'Technology, Management & Leadership’
Implementing Tech Changes? Understanding These 3 User Types Is Key For Change Management
When it comes to the ever-changing realm of technology, the biggest stumbling block to long-term success is often not the technology itself, but rather the likelihood that employees and loyal users will embrace tech updates with open arms.
To get your users onboard with any major change to your system, it’s crucial that you first recognize which of 3 categories of consumer behaviour your users fall under. Once you know which type they embody, you’ll be better equipped to cater to their individual needs during the on-boarding process.
User #1: The Go Getter
If we were to rate users by level of difficulty, this one would be the easiest to work with. The Go Getters generally will not cause you any problems as you march forward with more progressive technology, since they are technologically savvy enough to adapt quickly to any software updates.
As well, the Go Getter is most likely to take advantage of self-directed tutorials. They will proactively attempt to bridge this new information gap using the searchable knowledgebase you provide for them. As a last resort, Go Getters will optimistically reach out for live 1-to-1 customer service with full trust and confidence that your tech updates were implemented with their best interests in mind.
User #2: The Comfort Seeker
This user is a notch above the Go Getter in terms of difficulty, but still willing to work with you in adopting new technology (albeit hesitantly!). It’s not that the Comfort Seeker is against change — they understand that tech updates are made to make their lives easier in the long run.
It’s just that they may not have the time or patience needed to adapt to this fresh learning curve, and to tell you the truth they are quite comfortable with the current systems and processes, thank you very much. Unlike Go Getters, the Comfort Seeker isn’t willing to take as proactive a role in adjusting to the new system. Sure, they’ll still come along for the ride, but it’ll be on you to lead them the majority of the way.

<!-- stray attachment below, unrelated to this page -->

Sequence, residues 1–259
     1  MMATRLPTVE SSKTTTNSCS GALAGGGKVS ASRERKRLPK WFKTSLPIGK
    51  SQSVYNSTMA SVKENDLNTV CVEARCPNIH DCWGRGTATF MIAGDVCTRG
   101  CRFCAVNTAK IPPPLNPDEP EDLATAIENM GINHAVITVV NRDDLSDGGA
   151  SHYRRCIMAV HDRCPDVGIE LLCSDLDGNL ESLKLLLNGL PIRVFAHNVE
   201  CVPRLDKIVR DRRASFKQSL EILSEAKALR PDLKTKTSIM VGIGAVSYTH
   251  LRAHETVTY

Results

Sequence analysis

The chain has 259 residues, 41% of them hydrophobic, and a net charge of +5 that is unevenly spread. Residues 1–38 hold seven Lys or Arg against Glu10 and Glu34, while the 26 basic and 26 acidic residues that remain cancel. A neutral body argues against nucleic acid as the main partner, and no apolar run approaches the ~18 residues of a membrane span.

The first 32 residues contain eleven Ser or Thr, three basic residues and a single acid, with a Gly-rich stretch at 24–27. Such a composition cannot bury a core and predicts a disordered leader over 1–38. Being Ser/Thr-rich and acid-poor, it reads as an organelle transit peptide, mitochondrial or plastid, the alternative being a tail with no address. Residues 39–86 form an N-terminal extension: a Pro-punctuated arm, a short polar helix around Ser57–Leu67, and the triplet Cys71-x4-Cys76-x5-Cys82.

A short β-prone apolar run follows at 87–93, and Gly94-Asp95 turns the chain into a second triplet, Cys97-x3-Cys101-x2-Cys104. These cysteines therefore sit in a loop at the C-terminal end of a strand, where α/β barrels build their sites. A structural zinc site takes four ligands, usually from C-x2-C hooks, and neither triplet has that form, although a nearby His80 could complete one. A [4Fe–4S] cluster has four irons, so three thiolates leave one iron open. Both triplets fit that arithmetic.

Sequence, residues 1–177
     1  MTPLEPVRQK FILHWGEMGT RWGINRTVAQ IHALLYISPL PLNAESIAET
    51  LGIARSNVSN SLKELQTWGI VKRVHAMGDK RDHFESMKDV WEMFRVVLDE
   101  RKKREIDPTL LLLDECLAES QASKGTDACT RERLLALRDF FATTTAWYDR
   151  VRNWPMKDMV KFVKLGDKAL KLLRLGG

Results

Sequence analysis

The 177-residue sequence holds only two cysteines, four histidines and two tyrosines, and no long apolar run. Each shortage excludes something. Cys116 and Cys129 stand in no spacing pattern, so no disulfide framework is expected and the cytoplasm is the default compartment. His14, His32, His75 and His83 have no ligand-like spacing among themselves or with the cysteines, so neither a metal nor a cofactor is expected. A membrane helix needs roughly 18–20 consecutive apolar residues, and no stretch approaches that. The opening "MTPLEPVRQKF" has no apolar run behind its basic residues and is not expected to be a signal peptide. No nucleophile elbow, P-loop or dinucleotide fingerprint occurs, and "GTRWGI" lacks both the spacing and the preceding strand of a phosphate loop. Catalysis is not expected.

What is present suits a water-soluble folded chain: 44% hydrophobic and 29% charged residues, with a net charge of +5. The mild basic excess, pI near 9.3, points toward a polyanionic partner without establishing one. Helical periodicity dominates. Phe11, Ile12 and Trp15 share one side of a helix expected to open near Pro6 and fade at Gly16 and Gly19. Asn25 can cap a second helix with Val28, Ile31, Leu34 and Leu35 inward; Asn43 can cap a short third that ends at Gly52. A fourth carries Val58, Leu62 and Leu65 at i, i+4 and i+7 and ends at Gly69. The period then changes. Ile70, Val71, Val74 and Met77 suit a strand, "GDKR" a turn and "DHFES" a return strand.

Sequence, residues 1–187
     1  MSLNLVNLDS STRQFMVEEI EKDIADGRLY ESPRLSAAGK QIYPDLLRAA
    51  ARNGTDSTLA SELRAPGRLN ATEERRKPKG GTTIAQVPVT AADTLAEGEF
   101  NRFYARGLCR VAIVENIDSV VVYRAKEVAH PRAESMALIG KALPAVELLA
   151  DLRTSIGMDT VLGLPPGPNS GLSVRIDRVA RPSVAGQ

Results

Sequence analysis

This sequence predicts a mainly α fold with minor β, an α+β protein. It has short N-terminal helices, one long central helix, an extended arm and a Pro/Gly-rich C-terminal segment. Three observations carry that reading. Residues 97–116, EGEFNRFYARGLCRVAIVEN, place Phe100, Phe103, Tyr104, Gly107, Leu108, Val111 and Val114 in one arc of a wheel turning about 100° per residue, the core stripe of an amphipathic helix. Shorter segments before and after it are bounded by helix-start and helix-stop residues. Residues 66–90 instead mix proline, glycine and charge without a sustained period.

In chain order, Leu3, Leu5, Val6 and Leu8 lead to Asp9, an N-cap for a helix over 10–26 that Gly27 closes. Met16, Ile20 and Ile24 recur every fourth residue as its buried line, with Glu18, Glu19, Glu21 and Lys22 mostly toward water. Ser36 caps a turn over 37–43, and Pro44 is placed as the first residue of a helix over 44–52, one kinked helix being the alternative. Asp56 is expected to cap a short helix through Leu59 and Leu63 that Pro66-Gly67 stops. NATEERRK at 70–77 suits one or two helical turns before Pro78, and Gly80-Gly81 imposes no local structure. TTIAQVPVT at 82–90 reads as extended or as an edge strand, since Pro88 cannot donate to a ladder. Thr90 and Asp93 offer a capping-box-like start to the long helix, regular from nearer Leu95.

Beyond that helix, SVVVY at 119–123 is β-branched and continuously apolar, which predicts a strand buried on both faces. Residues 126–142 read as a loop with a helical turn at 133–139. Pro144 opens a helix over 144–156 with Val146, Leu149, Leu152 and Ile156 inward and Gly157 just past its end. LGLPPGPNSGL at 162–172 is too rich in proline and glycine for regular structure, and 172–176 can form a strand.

With any users during a tech update, you will want to provide ample training support — but with this group in particular, your aim should be to shine a spotlight on how much better the new system is in comparison to the old one. Try to uncover what their organization needs from your software on a daily basis. Then, be sure to pinpoint exactly how the new system can help them do just that — and not only on a quicker timeframe, but with more efficiency and ease.
User #3: The Protester
These users make up the most challenging group to win over during the on-boarding process. The Protester strongly preferred the way things were in the past, and you can bet they will get vocal against any sort of change.
It’s actually not unusual for some users in this group to be technologically savvy. However, the Protester will generally use updated software grudgingly, with the underlying intention to find problems in order to contrast them with the old system. This user is inclined to make large issues out of relatively minor problems because they want the new system to fail — proof that the old was better than the new!
These can be the hardest users to acclimate, and it may even be worth considering whether their business is worth your team’s time and effort coaxing the Protester to come around. In extreme cases, it may even turn out to be an impossible feat, and no amount of individual training and support is enough to shift this user’s perspective more positively toward new tech.
If you decide this user is worth the challenge, then make every effort to ensure their requests for training and support are swiftly met. Focus on tangibly demonstrating how the new system is better than the old. Most critically, ensure your customer support team never shrugs off problems with sentiments along the lines of, "Oh, the new system can’t do that.” Such statements will only fuel the Protester’s belief that your tech changes were a mistake — and you definitely want to minimize any chance for this user to jump on as proof that your new system is worse off.
Curious For More Strategies For Successful Onboarding?
The next article in this series discusses how to best cater to each of these 3 user types to ensure your users’ satisfaction and ongoing commitment to your technology despite changes.